Trinity Mirror profits slump 65% as ad revenue falls

Trinity Mirror has posted a 65% drop in pre-tax profits for the first half of 2011, as "difficult trading conditions" were exacerbated by heavy falls in public sector advertising, tax increases, weak retail sales and substantial hikes in the cost of newsprint.

Sly Bailey: chief executive of Trinity Mirror
Sly Bailey: chief executive of Trinity Mirror

In a statement today (12 August), the publishing group behind the Daily Mirror, Sunday Mirror and more than 150 regional daily and weekly newspapers and 500 digital products, admitted the "challenging economic environment", had resulted in trading being "much weaker than previously anticipated".

Pre-tax profit of £28.9m for the first six months of the year compares to £84.8m in "recovering" 2010. Group revenue fell 2.9% to £371m, while operating profit tumbled 23.7% to £47.1m.

Once accountancy gains of last year's GMG Regional buyout and pensions scheme amends are taken into account, the group posted a 17% drop adjusted pre-tax profit from £50.4m to £41.9m.  

Trinity Mirror identified "low levels of consumer and advertiser confidence", resulting in an underlying advertising revenue decline of 11.1%, partly fuelled by a 24% drop in public sector spending with the group.

At group level, advertising revenue fell by 10.1% in January and February, 9.8% in March and April, and 13.4% in May and June. The deterioration in revenue trends for May and June were said to reflect the much stronger comparatives for 2010, which benefited from the Fifa World Cup.

Sly Bailey, chief executive of Trinity Mirror, said: "While the economic environment remains difficult, we have undertaken a series of actions to limit the impact on operating profit. The rollout of our technology-led operating model continues to deliver efficiencies, and today we have announced an increase in our 2011 cost-savings target to £25m."

Broken out, Trinity Mirror’s five national newspapers were the hardest hit by the sluggish ad market: the Daily Mirror, the Sunday Mirror, The People, the Daily Record and the Sunday Mail.

National advertising revenue fell by 12.2% compared to a decline of 3.1% in 2010. January and February were down 9.0%, March and April fell 9.3% and May and June dropped18.3% due to tough comparatives driven by the World Cup in 2010.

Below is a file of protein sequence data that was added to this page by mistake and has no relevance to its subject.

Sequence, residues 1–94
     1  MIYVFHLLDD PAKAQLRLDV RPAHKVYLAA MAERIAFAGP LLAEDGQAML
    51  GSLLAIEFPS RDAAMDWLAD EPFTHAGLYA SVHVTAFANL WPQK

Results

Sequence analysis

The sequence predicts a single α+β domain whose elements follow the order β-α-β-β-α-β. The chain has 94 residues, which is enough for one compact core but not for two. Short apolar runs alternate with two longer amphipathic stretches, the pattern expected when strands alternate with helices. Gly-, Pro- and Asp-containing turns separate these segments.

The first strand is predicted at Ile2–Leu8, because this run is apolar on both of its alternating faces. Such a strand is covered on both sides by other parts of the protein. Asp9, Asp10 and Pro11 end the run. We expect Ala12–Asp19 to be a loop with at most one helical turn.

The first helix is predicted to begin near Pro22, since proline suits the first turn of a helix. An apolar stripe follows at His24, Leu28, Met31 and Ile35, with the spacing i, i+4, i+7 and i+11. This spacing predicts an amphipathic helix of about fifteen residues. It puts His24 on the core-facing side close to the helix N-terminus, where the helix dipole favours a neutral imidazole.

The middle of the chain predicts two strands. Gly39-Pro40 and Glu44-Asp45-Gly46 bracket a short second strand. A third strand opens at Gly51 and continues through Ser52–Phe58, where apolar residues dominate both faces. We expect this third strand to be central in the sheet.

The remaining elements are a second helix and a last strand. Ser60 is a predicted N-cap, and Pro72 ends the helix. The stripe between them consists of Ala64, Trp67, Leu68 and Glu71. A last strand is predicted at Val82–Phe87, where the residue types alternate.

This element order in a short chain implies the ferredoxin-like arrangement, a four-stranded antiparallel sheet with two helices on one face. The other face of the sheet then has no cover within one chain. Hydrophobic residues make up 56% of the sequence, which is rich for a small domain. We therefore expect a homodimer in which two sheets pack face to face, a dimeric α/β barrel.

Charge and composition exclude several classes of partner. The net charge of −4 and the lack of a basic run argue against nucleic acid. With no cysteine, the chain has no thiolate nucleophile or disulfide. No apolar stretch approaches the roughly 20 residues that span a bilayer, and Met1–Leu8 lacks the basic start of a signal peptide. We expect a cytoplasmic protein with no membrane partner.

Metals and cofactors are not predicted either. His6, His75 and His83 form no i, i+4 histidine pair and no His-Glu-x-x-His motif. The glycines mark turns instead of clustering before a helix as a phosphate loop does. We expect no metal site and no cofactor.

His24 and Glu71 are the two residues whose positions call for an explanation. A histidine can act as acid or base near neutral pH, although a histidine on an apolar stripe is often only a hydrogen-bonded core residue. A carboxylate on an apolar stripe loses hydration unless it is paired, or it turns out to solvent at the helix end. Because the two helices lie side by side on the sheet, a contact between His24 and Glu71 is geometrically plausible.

In the group’s more than 150 regional titles, advertising revenue fell 10.4%, this compares to an 8.4% drop in the same period in 2010. The outlook appeared to be improving, with January and February ad revenues declining 10.8%, March and April declining by 10.1% and May and June declining by 9.9%.

By category the regional advertising performance for the period showed display advertising down 6.4%, recruitment down 19.6%, property down 6.2%, motors down 8.1% and other classified categories down 12.4%.

Display advertising now represents 45.8% of total advertising revenue with the most cyclical recruitment and property categories now representing 16.5% and 11.6% respectively.

Drops in the number of ad pages have been accompanied by fallings copy sales, with underlying circulation revenue down 5.4%. The group announced sales losses had been "partially mitigated by limited cover price increases".

However, the closure of News International’s Sunday rival News of the World last month was singled out as having had a positive impact on the circulations and advertising revenues of Trinity Mirror’s national Sunday titles: Sunday Mirror, People and the Sunday Mail.

Following the closure of the News of the World amid phone hacking scandal allegations, Trinity launched a range of publishing and marketing activities in a bid to maximise its share of the Sunday newspaper market.

Trinity reported: "The early results of this activity are highly encouraging with an increase in both volume and revenue of each of our six Sunday newspaper titles, particularly so for our three national titles.

"The benefits are evident in the improved group circulation revenues in July which are up 2% year on year with our Nationals up 4%, a significant improvement from the 5.4% decline in Group circulation revenues in the first half."

Bailey added: "Following changes to the national Sunday newspaper market we are highly encouraged by the considerable circulation volume growth seen by our national Sunday titles."

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